"Do you know Steve Matthews?" she asks, multiple times over the course of an hour. Of course, no one does, but each time she seems surprised that we haven't met.
Steve may be a relic of Jo's past, a distant, foggy memory of a baseball player she says lived with her for a short time when she was younger. Or, he may be a figment of her imagination. Sadly, we'll never know.
Worldwide, 35.6 million people have dementia, according to the World Health Organization, with 7.7 million new cases being diagnosed every year. At that rate, the number of people with dementia is expected to double by 2030 and triple by 2050. This will be an additional burden for governments already struggling to contain the runaway costs of health care.
In Holland, everyone pays into the state health care system during their working years, with the money then disbursed to pay for later-in-life expenses - and that means living in Hogewey does not cost any more than a traditional nursing home.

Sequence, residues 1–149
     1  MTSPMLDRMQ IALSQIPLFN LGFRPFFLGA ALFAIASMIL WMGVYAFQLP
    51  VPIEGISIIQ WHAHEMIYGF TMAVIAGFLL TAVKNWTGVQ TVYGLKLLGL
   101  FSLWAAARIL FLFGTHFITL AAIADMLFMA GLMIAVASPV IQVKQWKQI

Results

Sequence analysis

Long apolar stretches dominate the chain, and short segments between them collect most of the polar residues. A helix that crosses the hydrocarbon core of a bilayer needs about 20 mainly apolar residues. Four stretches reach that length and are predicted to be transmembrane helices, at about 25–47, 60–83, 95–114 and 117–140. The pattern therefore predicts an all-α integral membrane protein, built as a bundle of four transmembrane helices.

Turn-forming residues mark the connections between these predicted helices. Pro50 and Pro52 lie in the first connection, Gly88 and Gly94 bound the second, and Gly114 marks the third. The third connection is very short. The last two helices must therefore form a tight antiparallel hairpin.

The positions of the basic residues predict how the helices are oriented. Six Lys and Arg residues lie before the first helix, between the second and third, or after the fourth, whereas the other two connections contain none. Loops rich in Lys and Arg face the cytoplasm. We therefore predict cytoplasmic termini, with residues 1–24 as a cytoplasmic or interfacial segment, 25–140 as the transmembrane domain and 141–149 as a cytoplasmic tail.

Could this innovative model work in other countries? Health care industry leaders in Germany, England, Switzerland and Japan are all beginning to take notice. At Hogewey, says van Amerongen, "We have Dutch design, Dutch cultures, Dutch lifestyles, but the concept is to value the person, the individual... to support them to live their life as usual, and you can do that anywhere."
On a physical level, residents at Hogewey require fewer medications; they eat better, and yes, they live longer. On a mental level, they also seem to have more joy. It's a difficult thing to measure, but that is the most important thing here at Hogewey.
So could this work in other parts of the world? That's the next question.